And that’s only the beginning. The next steps are even more difficult, which is to learn how to use various blockchain applications like decentralized finance (DeFi) platforms and NFT marketplaces.
We will never reach critical adoption levels unless using web3 apps becomes as easy as signing up to create a Facebook account.
Scalability is a problem that is currently facing all blockchains that have significant userbase, particularly Ethereum, but also less decentralized chains like Solana and BNB Chain, to some degree. The more decentralized a blockchain, the more difficult it is to scale.
Of course, we need both decentralization and scalability for blockchain to be ready for mass adoption.
Ethereum has a multi-year plan for scalability that began a few years ago, but it’s taking longer than we want.
Solana was a very promising alternative in 2021, with many thinking that it could unseat big bro ETH. That didn’t turn out so well as Solana never really deliver its promised 50,000 tps. Even today, it averages around 1K-2K tps.
Even BNB Chain, which is supposed to be even more centralized, can sometimes have slow transaction settlements.
There are many other chains with their own scaling solutions, but most aren’t battle-tested yet. The only way to truly tell whether a blockchain scale is when a significant amount of users transact on it daily.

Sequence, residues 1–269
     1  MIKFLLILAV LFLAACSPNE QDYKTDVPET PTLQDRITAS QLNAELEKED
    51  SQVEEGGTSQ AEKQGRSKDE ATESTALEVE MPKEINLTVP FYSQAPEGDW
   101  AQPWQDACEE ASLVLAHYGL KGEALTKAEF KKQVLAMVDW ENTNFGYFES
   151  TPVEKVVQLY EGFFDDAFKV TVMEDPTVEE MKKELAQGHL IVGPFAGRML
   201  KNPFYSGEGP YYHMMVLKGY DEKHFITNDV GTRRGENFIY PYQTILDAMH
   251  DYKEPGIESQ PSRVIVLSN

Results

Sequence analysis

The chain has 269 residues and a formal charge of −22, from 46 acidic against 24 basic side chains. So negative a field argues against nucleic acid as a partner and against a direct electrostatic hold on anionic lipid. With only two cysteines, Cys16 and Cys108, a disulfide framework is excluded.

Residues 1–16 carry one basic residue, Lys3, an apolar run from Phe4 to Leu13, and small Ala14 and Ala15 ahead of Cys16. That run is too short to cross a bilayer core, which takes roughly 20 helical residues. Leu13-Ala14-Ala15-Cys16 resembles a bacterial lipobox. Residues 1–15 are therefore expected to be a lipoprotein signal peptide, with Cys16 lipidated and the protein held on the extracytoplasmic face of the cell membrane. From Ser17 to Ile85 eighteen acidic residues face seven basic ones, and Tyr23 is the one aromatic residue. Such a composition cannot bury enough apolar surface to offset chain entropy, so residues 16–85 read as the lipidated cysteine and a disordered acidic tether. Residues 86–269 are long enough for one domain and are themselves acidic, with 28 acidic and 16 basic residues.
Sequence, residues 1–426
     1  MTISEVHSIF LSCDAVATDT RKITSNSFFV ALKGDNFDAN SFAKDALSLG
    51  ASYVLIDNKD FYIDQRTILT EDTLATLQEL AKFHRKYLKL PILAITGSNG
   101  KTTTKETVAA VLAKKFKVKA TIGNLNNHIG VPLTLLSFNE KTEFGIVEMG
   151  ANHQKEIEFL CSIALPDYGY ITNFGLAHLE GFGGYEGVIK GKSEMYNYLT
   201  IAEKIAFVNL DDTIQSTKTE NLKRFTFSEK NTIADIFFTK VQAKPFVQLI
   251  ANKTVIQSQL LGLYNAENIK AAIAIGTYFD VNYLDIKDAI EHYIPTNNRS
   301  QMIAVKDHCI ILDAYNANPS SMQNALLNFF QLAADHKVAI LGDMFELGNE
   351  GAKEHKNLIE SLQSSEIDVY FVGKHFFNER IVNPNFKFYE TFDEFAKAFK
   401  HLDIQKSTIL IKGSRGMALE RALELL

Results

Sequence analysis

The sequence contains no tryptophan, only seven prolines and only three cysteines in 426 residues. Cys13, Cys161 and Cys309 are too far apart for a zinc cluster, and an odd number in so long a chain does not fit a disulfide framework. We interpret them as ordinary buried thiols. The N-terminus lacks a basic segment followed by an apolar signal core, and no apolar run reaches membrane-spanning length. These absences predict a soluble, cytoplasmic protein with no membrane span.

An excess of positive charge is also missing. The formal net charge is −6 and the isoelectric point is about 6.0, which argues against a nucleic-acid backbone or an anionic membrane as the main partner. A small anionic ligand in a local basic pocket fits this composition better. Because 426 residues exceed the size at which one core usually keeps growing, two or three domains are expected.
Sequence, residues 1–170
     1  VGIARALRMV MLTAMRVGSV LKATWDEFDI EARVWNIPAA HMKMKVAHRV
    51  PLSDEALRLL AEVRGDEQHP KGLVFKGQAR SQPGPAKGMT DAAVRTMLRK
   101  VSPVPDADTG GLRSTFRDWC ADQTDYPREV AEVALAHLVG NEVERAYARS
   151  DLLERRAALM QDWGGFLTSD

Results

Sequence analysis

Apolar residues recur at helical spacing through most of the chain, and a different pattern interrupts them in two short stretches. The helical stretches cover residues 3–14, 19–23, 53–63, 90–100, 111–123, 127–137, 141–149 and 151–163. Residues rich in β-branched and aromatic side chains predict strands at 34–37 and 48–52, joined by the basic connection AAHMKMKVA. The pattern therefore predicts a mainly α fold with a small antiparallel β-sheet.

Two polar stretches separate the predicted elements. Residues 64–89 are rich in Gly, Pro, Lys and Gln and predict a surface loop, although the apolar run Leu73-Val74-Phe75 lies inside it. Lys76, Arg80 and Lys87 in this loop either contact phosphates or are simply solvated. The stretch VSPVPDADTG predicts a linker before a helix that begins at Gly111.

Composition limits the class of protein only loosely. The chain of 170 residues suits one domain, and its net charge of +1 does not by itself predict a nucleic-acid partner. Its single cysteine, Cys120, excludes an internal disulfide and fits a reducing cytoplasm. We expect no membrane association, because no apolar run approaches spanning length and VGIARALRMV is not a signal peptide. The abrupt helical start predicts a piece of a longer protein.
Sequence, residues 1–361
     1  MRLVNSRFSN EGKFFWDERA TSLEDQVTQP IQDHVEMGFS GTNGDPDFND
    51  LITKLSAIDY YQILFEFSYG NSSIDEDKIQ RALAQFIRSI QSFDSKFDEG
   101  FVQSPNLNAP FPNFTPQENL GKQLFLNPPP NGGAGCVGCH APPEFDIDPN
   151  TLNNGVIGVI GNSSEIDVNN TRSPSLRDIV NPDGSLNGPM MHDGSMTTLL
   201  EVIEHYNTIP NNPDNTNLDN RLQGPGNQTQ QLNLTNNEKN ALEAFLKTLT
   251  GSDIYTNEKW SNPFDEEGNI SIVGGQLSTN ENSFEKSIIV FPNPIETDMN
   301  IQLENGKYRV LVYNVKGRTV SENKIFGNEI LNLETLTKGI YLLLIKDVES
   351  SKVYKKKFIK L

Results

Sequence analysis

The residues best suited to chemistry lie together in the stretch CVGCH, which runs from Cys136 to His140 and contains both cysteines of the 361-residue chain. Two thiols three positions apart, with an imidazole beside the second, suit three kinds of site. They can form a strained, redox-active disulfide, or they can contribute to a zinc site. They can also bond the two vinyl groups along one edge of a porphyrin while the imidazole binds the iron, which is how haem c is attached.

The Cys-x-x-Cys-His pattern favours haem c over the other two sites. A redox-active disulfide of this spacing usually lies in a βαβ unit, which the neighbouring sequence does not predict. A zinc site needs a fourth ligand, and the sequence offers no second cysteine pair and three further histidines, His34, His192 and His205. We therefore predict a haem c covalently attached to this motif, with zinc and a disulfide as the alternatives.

Luckily, scaling is one of the most worked upon solution among various dApp blockchains, which is why I’m less worried about it. There are also layer-2 networks that are alleviating the congestion problems today. I think we just need to be patient in this area. Devs will figure it out eventually.
The Rise of Web5: The Web3 Killer?
Twitter Founder and Bitcoin enthusiast Jack Dorsey announced in Consensus 2022 that his company (Block) is developing a new vision of the Internet called web5.
Web5 is touted to be a successor of web3 that aims to build a decentralized infrastructure for the Internet using different tool. It won’t be powered by smart contracts or blockchains like web3. Instead, it utilizes decentralized identifiers, verifiable credentials, and decentralized web servers (nodes).
Bitcoin might actually be the only currency that will be used in this new internet.
Web5 is built on the premise that web3 has the right intentions (giving back control to the average user), but the wrong execution. Considering the present issues of web3 pointed out in this article, Dorsey isn’t really in the wrong here. And he isn’t alone. Other major tech experts like Moxie Marlinspike, Elon Musk, etc. are also quite skeptical of the technology.
Will this make web5 the web3 killer? That highly depends on what we do today. If we collectively work towards improving web3 to have the desired characteristics we want, then chances are, it will have a place in the future. But we need to be more vocal of our intentions.
Ordinary users can pressure developers of various applications and platforms not to cut corners or make compromises on decentralization by not using their products. Developers can choose to work on projects that are working on making the ecosystem more decentralized, not less.
Let this be your wake up call to be more careful of the things you do in the web3 space. What we do today could change the future. Don’t take that for granted.